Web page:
In order to address these challenges, the government announced the establishment of the National Cybersecurity Authority (NCA) in October 2017. The board of directors includes the president of state security, the chairman of general intelligence, the deputy minister of the interior and the assistant minister of defence. The mandate of the new body is to develop policies, mechanisms, standards and regulations to protect networks, systems and electronic data including national infrastructure. In October 2018 the NCA issued a core cybersecurity controls document outlining minimum standards for public and private sector entities. Concurrently, the Ministry of Communications and IT published a cybersecurity threat report in 2018 stating that the Kingdom had been exposed to terrorist cyber-warfare, which had aimed to disrupt vital services in the country. The report stated that in the fourth quarter of 2017, 48% of cyber-attacks had targeted government entities, with the energy sector in the crosshairs of 15% of attacks followed by telecoms with 11%.
In order to adequately address the challenges posed by cybersecurity, the government has recognised the need to attract both increased investment and international expertise. In September 2019 the recently founded Prince Mohammed bin Salman College of Cybersecurity, Artificial Intelligence and Advanced Technologies signed a memorandum of understanding with BAE Systems. The agreement aims to advance cybersecurity and artificial intelligence training for Saudi military personnel in addition to fostering technical cooperation. This follows an earlier partnership signed in July 2018 with US advisory firm IronNet Cybersecurity to develop educational programmes on different aspects of cyber-defence.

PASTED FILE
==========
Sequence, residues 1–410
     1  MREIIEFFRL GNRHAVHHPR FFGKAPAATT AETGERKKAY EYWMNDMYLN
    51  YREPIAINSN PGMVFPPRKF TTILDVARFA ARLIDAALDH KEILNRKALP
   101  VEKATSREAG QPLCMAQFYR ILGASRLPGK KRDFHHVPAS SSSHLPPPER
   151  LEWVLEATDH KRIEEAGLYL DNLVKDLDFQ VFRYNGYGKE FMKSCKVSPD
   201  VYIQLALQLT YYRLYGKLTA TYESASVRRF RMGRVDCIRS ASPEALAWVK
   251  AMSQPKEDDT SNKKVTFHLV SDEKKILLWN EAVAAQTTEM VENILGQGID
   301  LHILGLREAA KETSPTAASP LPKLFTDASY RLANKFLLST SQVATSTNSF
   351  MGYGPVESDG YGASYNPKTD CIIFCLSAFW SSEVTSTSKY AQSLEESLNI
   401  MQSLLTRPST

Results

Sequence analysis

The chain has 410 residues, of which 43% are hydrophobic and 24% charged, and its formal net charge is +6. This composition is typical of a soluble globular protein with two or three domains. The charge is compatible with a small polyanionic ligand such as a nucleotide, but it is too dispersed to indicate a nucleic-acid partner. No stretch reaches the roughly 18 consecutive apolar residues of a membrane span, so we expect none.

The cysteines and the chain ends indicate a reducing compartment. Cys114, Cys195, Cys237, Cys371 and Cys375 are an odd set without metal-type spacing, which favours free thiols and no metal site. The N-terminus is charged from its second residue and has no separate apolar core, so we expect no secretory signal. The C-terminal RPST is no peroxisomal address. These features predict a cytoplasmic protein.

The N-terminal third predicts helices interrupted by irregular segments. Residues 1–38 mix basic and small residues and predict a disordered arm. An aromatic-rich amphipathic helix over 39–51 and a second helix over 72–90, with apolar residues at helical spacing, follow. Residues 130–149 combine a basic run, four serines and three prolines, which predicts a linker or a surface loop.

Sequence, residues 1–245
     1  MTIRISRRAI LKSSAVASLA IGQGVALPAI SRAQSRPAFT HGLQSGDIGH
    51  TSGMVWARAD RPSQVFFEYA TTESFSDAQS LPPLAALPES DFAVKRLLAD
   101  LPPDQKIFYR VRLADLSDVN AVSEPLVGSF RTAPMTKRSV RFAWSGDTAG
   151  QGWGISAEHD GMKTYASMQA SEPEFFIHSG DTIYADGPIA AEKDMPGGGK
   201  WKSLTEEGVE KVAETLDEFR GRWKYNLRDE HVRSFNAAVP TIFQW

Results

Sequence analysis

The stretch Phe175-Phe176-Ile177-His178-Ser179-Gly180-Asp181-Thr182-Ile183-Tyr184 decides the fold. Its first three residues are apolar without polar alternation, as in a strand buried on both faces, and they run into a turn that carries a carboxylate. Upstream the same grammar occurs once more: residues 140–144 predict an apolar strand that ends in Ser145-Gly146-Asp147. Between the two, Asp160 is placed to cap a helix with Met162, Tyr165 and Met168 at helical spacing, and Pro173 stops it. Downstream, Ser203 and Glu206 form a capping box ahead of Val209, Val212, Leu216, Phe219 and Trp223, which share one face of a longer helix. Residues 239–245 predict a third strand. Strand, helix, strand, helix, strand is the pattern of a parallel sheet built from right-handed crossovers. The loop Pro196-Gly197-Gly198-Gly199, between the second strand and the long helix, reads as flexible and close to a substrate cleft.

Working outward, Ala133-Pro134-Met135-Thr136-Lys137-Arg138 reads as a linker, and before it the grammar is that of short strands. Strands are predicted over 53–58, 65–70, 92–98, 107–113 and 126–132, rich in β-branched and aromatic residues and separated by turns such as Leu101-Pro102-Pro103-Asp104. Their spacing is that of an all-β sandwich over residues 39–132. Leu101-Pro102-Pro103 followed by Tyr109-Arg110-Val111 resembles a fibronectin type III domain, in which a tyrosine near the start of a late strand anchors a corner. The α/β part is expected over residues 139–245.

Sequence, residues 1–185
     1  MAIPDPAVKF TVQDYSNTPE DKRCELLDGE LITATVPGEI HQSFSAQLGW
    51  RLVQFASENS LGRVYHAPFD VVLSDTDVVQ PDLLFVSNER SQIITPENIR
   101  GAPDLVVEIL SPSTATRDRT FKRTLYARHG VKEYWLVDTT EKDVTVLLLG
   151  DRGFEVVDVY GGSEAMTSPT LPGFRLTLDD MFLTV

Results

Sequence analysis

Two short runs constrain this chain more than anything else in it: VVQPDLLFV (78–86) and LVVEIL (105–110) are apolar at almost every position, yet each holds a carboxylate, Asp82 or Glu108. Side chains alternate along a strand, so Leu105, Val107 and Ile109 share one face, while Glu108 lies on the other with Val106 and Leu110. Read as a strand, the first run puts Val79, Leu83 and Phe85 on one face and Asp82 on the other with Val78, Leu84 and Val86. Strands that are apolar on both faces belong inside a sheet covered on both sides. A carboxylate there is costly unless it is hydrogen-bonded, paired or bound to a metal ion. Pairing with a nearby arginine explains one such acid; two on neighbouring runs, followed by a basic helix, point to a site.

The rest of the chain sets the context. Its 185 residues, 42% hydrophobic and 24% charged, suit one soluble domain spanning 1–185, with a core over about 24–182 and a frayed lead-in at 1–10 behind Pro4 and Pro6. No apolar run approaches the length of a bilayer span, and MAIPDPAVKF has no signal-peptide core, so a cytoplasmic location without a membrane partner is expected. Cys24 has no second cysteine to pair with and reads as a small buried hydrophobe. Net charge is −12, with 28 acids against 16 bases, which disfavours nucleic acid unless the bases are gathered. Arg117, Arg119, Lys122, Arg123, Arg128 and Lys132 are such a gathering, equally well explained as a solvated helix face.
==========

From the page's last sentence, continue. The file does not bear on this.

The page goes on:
In addition, the Kingdom hosted the first Global Cybersecurity Forum in Riyadh in February 2020. With 1200 delegates and over 100 speakers, the conference brought together both private sector stakeholders and governments to discuss the development of greater capacity to manage and combat the challenges posed by cyber-attacks. It also sought to facilitate the discussion of the investment opportunities created within the growing international cybersecurity industry. To further develop its capabilities to withstand cyber-attacks, the Saudi defence sector is also fostering partnerships with domestic technology firms. For example, local ICT contractor International Systems Engineering is currently working with the armed forces to develop an ICT modernisation and cybersecurity roadmap for the entire defence sector.
As the country targets the development of advanced manufacturing, the aerospace sector is being viewed as a major area for growth. In 2018 Saudi Arabia began tapping into the lucrative composite materials market for aircraft manufacturing. As part of an aeronautics programme led by the Saudi Technology Development and Investment Company, a new factory was established to manufacture aircraft components using the materials, which is expected to begin production in 2020. The new plant is a wholly owned Saudi venture that will be capable of making components for fixed-wing and rotary-wing civilian and military aircraft, as well as unmanned aerial vehicles. The project is being developed with technical support from King Abdulaziz City for Science and Technology (KACST).